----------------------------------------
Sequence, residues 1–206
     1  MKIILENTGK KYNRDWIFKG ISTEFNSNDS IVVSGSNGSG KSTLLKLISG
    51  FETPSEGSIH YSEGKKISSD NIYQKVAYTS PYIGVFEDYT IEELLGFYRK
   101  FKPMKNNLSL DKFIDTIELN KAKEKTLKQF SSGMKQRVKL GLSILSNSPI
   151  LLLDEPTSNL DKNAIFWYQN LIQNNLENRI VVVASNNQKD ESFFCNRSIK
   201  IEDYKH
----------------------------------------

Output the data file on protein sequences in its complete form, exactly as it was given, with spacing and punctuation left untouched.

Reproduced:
Sequence, residues 1–206
     1  MKIILENTGK KYNRDWIFKG ISTEFNSNDS IVVSGSNGSG KSTLLKLISG
    51  FETPSEGSIH YSEGKKISSD NIYQKVAYTS PYIGVFEDYT IEELLGFYRK
   101  FKPMKNNLSL DKFIDTIELN KAKEKTLKQF SSGMKQRVKL GLSILSNSPI
   151  LLLDEPTSNL DKNAIFWYQN LIQNNLENRI VVVASNNQKD ESFFCNRSIK
   201  IEDYKH